The Pakistan Resolution on 23rd March 1940 in Lahore and The Presidential address by Quaid-e-Azam
The Presidential address by Quaid e Azam Muhammad Ali Jinnah was delivered on 22nd March 1940, on the occasion of the famous Lahore resolution, which is also known as the Pakistan Resolution. The 27th Annual Meeting of the All India Muslim League began at 2:30 pm in March 1940 at Manto Park, Lahore. Only three days before this meeting on March 19, police had opened fire on a gathering of Khaksars and martyred several workers of this organization. The atmosphere in Lahore was mournful, and every effort was made to stop the Muslim League rally. The day was a very important one for the Muslims of the subcontinent. Leaders belonging to the All India Muslim League had arrived in Lahore from all over India to attend the meeting. Many people had also gathered in Lahore from various other parts of India because their beloved Quaid Muhammad Ali Jinnah was about to address them on the land of Punjab.
As soon as Quaid-e-Azam arrived in Lahore, he had told the reporters that the League would take a revolutionary step in this meeting. There were various rumors and speculations on his statement. But, no one could reach the bottom of it. The venue for the meeting had a capacity of 60,000 people, but the number of people coming to attend it was much higher. The venue was full ahead of schedule. The Muslim National Guards, dressed in green uniforms, were on guard duty. Those who came later were continued to gather outside the venue. Many loudspeakers were installed for this mammoth crowd. The excitement of the people was palpable. Justice (retd) Aftab Farrukh said that his father Barrister Farrukh Hussain, who had also fought the case of Alam Din Shaheed, was in charge of the venue committee of the meeting, and arrangements for the entire meeting were the responsibility of Mian Amiruddin and Mian Bashir Ahmed. “He was eleven years old and was himself present at the meeting,” Justice (retd) Aftab said. The whole city of Lahore came to this meeting and I was also a part of this flood. Earlier, when the Quaid-e-Azam reached Lahore Railway Station by train on March 21 to attend the rally, the whole of Lahore was there to receive him.
Latif Ahmed Sherwani
Quaid-e-Azam Muhammad Ali Jinnah arrived at 2:25 pm. Nawab Sir Shahnawaz Mamdoot, Chairman of the Reception Committee received the guests. The band took them to the stage with music. There was also a table with chairs on the stage on which the Quaid-e-Azam and the Quaid-e-Millat could be seen working on some documents. You can see in the pictures, on one side of the stage, there is a banner with Iqbal’s poetry written on it: where the believers live in the world as the shape of the sun, they sink here, came out there, drown there, and came out here.
( جہاں میں اہلِ ایماں صورتِ خورشید جیتے ہیں۔ ادھر ڈوبے، ادھر نکلے، ادھر ڈوبے، ادھر نکلے )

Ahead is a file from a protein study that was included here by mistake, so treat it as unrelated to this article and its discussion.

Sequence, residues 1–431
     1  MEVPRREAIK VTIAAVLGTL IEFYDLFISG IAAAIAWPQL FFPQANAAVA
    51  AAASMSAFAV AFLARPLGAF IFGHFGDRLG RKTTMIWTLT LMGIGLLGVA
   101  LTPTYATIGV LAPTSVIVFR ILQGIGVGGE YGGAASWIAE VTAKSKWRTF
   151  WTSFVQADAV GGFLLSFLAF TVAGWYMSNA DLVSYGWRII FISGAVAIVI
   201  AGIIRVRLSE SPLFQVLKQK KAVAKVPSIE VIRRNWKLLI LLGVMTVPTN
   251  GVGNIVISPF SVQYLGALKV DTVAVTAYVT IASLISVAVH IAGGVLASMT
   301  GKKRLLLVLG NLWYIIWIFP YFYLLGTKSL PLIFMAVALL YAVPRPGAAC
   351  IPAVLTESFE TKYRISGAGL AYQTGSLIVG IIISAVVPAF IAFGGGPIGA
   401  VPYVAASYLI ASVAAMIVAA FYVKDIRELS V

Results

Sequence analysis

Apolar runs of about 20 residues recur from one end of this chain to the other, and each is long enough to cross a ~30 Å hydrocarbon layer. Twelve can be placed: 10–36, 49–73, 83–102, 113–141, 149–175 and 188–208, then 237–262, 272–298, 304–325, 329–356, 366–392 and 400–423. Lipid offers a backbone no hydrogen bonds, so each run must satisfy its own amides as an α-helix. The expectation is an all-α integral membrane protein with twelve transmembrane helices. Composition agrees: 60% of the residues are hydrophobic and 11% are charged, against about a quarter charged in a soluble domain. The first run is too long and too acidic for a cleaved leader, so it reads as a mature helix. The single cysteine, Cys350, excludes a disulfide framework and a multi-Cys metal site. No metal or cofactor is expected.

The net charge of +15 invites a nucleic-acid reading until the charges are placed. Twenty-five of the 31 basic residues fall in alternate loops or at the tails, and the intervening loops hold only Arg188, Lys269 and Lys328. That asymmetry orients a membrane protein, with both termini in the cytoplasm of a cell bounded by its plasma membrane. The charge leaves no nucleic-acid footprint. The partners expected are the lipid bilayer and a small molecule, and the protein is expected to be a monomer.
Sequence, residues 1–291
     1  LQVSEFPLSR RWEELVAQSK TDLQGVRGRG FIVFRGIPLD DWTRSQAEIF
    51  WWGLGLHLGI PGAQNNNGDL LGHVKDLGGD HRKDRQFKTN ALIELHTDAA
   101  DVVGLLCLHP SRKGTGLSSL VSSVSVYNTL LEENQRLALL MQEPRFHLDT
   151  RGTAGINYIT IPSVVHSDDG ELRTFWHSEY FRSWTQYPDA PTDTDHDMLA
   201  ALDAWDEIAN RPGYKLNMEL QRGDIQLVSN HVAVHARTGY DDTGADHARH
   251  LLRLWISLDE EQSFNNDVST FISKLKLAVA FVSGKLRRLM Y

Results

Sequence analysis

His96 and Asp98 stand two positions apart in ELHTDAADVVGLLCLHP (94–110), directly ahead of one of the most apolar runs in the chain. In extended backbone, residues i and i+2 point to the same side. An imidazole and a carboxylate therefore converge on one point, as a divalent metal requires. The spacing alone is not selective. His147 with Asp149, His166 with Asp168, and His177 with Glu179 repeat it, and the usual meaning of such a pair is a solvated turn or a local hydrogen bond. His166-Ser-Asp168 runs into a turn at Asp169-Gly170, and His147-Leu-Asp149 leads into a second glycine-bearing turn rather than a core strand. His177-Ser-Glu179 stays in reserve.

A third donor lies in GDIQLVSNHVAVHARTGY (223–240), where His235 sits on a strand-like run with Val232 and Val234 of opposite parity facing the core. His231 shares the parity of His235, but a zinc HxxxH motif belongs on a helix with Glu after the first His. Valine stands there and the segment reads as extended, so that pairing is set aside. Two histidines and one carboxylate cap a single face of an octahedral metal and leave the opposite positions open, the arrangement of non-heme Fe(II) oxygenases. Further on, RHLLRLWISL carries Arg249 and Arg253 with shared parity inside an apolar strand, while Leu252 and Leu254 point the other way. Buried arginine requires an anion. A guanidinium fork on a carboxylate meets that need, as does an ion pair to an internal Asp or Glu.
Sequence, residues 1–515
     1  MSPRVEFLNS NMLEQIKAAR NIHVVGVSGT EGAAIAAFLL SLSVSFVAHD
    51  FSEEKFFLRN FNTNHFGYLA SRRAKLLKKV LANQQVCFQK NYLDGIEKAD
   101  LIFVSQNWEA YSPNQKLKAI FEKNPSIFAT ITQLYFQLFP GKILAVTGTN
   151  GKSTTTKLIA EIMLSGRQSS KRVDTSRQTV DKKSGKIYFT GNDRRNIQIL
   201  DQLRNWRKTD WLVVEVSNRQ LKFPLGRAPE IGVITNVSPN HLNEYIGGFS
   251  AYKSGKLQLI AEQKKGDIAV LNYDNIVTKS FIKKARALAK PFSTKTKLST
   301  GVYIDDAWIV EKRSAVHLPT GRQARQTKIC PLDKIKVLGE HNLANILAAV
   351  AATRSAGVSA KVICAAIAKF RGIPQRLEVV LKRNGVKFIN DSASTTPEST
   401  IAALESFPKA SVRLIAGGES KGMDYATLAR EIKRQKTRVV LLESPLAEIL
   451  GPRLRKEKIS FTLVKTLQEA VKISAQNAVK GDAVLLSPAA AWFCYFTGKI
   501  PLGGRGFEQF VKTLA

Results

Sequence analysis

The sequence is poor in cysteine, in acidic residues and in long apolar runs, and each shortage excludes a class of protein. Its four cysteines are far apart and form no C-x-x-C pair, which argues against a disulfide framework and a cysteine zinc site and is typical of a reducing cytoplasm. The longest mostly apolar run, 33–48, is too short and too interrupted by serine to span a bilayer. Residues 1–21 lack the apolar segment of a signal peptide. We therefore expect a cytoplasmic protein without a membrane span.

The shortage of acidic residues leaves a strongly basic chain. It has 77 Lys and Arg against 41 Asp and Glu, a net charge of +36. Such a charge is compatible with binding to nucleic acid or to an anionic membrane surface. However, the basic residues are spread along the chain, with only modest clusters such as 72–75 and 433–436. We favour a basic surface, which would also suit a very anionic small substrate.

The proceedings of the meeting started with the recitation of the Qur’an and thereafter a series of poems and songs began. Anwar Qureshi recited Mian Bashir Ahmed’s poem “Millat ka pasban hai Muhammad Ali Jinnah Nation” for the first time, in a singing voice. Sir Shahnawaz Mamdoot delivered the welcome address in Urdu. Quaid-e-Azam’s speech was in English and was spontaneous which is being presented in PDF docs with Urdu translation.
Many people were unable to understand English, but they listened to the long speech of the Quaid-e-Azam with passion and great interest. They expressed loud admiration for some of the phrases. (The same sight was seen in April 1928 when Iqbal gave the first lecture on reconstruction in English at a meeting of the Anjuman-e-Himayat-e-Islam, and those who did not know English explained the reason for the three-hour silence: “It was enough for us that Hazrat Allama Iqbal is present and speaking with the full force of his knowledge and grace in support of the beliefs of Islam. What more do we need than that,” Khurram Ali Shafiq.)
Who drafted the Lahore resolution? Some of the writers in the past and some others at present can be seen as how they create controversies about who drafted the resolution. On drafting the resolution, you can find information in print and electronic media in which some attribute it to Sir Sikandar Hayat and some to Sir Zafarullah Khan, while some of them gave its credit to Liaquat Ali Khan. Many other stories are also circulating nowadays days in social media as well. During the last 30 years, a large collection of historical documents and papers related to India’s struggle for independence, the history of Pakistan, and Quaid-e-Azam have come to light. These include Lord Mountbatten Papers, Transfer of Power Volumes, Wavel Journal, Quaid-e-Azam Papers, Shamsul Hassan Collection, All India Muslim League Records, Nishtar Collection, Selected Works of Gandhi, Nehru Papers, Patel Papers, Rajendra Prasad Correspondence, Sapru papers, Selected Works of MN Rai, Jinnah Isfahani Correspondence, Sir Yamin Khan Collection, Mian Abdul Aziz Collection, and Sir Abdullah Haroon Collection are notable.